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Organic Food may not be ethical, but it will save the world

December 18, 2006

There’s this article in December 15th issue of The Economist about Ethical Food – food that is good for the environment. I read it with great interest because it talked about Organic Farming. Organic farming, says The Economist, may not be better for the environment, may not be energy-efficient, and may not give a fair price to farmers. Faultess analysis.

What stumped me was the concept of ‘Ethical’ food itself. I must be dreadfully ignorant, because this was the first time I realised that there were a lot of people who bought ‘ethical’ food…all because they wanted to save the planet. The article said in it’s conclusion:

‘Food is central to the debates on the environment, development, trade and globalisation—but the potential for food choices to change the world should not be overestimated. ‘

I could not help but wonder: Did people really choose their daily bread because they wanted to change the world…or was I missing something? I always believed that where eating was concerned, people were inherently selfish. I thought people put food on their table to improve their health. If I eat organic food once in a while, I do it because it’s healthy. And frankly even if organic farming eats up more land, raises food prices and consumes more energy, I feel one cannot ‘overestimate’ it’s ability to improve people’s health (= change the world) as it is pure food. Food without pesticides and chemicals.

The only downside to organic farming is decreased food production. But in America this shouldn’t be a problem as America wastes more than a hundred billion dollars worth of food every year. That’s not all. Most of us are eating too much anyway. Way above our calorie limit. The approximate calorie intake for a moderately active adult should not be more than 2500 calories a day. And according to the FAO, 3000 calories should really be the upper limit for an adult male. But we find that as early as 2030, most of the world (the Industrialized Nations, the Transition Countries, North Africa, Latin America, the Caribbean as well as the Far East) is going to exceed this calorie limit per capita! And as for the developing world, it will hover dangerously near the 3000 calorie limit.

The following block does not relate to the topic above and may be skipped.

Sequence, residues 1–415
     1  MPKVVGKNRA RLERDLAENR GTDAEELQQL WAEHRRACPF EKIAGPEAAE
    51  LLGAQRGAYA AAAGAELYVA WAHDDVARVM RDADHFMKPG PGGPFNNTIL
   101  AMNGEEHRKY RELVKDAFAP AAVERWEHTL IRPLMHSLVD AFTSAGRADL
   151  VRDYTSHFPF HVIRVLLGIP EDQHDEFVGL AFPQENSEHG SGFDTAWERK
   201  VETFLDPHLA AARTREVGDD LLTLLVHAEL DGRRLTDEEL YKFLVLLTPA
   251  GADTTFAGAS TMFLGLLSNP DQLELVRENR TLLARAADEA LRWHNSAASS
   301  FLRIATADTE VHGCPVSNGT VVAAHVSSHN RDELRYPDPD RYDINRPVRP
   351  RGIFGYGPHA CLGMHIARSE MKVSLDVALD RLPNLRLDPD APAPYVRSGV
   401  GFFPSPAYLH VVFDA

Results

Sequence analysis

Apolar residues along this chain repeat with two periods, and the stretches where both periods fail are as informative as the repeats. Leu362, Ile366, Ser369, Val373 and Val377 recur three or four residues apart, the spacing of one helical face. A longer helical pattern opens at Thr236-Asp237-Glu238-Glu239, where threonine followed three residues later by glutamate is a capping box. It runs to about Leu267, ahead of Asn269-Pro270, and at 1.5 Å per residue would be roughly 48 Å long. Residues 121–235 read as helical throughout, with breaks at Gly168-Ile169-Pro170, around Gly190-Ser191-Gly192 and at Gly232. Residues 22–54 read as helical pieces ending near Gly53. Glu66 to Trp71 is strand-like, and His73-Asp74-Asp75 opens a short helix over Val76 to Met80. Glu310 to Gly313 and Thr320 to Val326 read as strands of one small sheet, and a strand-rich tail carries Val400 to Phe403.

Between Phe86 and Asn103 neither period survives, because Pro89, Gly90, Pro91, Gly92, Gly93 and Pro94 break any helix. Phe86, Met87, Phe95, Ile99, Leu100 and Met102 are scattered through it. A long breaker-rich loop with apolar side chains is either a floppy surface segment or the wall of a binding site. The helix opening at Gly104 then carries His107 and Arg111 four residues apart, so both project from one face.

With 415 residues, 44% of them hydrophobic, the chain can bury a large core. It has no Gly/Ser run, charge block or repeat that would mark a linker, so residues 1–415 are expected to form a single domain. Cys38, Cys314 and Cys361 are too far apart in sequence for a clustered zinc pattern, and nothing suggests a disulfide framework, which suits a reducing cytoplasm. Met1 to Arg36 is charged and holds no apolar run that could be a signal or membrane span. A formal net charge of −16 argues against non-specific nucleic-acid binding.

I wish there was more organic food produced. At least it would mean better distribution. Right now the situation here in India is such that one has to hunt for Organic Food in exclusive department stores. In my eyes Organic Food is Holy Food. Food that is going to save people from modern diseases. Food that will enable people to eat less and eat healthy. Food that will save the world.

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3 Comments leave one →
  1. December 19, 2006 2:16 am

    “Organic farming, says The Economist, may not be better for the environment, may not be energy-efficient, and may not give a fair price to farmers.”

    Actually, the Economist draws a distinction between all three kinds of foods – there’s organic food, fair-trade food and local food. All three brands have different messages. Sometimes, they overlap and sometimes, they don’t.

    “I wish there was more organic food produced. At least it would mean better distribution. Right now the situation here in India is such that one has to hunt for Organic Food in exclusive department stores. In my eyes Organic Food is Holy Food. Food that is going to save people from modern diseases. Food that will enable people to eat less and eat healthy. Food that will save the world.”

    I can see how that comment is relevant for India where organic food is still a nascent market. Mainly because consumers are not educated and probably more price-conscious. Not really a sound business model just yet, I think, except for the exclusive dept. stores, because that’s exactly where you find the upper middle class shopping. By and large though, even neighbourhood supermarkets in the U.S. and hazarding a guess, the UK, serve organic food options.

    I think your point is still valid in that organic food is healthier (I wouldn’t say holy though, because it could result in more deforestation) than non-organic food. It has its shortcomings though, as the Economist points out. If every consumer takes the same perspective that you do and finds the means to pay for the organic food premium, then there won’t be enough agricultural land to cultivate that food, just because it takes up more land space per yield.

    We are skirting the real issues though: should people bechanging their consumption habits from non-vegetarian to vegetarian diets? I would urge people to do so, because non-vegetarian products are relatively costly in terms of energy intake and so on. And so far, we haven’t found a sustainable way of harvesting livestock for everyone (particularly, seafood, which is estimated to decrease by 50% by 2050).

    Another issue is food subsidies. I think fairtrade food does more damage to the environment than organic food potentially could, in introducing artificial subsidies into the marketing chain. It’s very hard for me to accept the fact that the US subsidizes its farmers already so that they can continuing producing milk and what not, when the cost of producing such food items is so clearly lower in Asian countries. Those are resources that are better spent on environmental initiatives and clean technologies. The only reason why farmers receive so much subsidies is that they want to perpetuate their “way of life”. Transferring occupations is difficult, but as things stand now, the American exchequer bears the greater burden to support the lifestyle of a few.

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